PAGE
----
What is a Concussion?
A concussion, or mild traumatic brain injury (mTBI), is a disturbance in brain function resulting from a sudden direct blow to the head. A concussion may be indirectly caused when a sudden force causes the brain to strike the inside of the skull or twist within the skull causing damage to the brain cells.
Symptoms such as unequal pupil size, drowsiness, constant headache, slurred speech, decreased coordination, seizures, and loss of consciousness, unusual agitation or increased confusion warrant immediate medical attention because they may indicate a collection of blood (Hematoma) forming on the brain.
If a concussion is suspected in an athlete during a game or practice situation, he/she should be removed from the activity immediately and evaluated. If someone returns to activity too soon, the brain may not heal properly and the risk of having a repeat concussion is increased because reaction time and brain processing are not normal. Repeat concussion is typically worse and recovery time is increased.
Imaging may be performed, such as a CT scan, to rule out any serious brain injury. Oftentimes, concussion or mTBI does not appear on routine brain scans such as CT or MRI. There is no diagnostic test for concussion. Diagnosis is based on a group of symptoms that appear following the incident. Presence of three or more symptoms within four weeks of injury is classified as PCS.
Other tests can be performed to assess memory, concentration, balance, and cognitive response time called neuropsychological or neurocognitive test. Oftentimes, these tests are performed at the beginning of the season to establish a baseline and comparison will help the clinician determine how the concussion has affected the individual.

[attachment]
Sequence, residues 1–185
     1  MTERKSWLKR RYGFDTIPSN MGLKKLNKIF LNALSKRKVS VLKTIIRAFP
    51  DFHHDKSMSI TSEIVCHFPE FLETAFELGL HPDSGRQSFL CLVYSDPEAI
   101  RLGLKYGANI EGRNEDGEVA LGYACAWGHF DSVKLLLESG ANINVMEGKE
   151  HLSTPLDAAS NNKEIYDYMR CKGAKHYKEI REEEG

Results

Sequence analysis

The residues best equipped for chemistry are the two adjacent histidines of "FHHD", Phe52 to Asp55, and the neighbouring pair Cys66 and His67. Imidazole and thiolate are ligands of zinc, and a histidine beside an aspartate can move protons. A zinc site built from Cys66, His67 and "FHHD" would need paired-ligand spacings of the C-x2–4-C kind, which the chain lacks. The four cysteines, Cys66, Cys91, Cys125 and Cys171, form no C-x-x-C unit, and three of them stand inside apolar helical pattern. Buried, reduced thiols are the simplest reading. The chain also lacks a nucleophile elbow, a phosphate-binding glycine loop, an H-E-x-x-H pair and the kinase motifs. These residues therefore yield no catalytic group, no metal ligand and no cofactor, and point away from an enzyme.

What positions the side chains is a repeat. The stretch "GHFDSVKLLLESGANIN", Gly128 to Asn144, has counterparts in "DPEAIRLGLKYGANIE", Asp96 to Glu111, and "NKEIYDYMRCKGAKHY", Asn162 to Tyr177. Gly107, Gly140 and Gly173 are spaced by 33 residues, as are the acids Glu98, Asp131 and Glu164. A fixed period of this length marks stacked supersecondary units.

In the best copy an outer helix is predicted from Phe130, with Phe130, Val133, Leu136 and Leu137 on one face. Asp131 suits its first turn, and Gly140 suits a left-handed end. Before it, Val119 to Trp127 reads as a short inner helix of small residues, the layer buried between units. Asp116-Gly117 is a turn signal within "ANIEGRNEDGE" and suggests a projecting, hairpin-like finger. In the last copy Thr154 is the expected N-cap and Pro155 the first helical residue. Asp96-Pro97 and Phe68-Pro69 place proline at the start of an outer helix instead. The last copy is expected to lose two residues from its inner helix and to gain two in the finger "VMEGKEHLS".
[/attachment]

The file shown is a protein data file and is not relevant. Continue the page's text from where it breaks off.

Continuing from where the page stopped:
How Can Physical Therapy Help a Concussion?
Individualized recommendations are provided during vestibular therapy based on identified symptoms. Commonly, someone with a concussion may also have neck pain, inner ear involvement and imbalance/disequilibrium. Therefore, treatment will address concussion symptoms as well as techniques to decrease pain and improve balance. Beginning with a short period of rest followed by graded exposure to activity is a universal practice following a concussion.
Recommendations from clinicians may include short term rest from strenuous activity. Generally, spending more of the day simply resting quietly is beneficial to allow the brain to heal just as one would allow a broken leg or arm to heal. Limiting visual activities (i.e. screen time) may reduce eye strain and tension headaches. Avoiding busy environments (i.e. crowded stores or restaurants, heavy traffic) will decrease provocation of dizziness.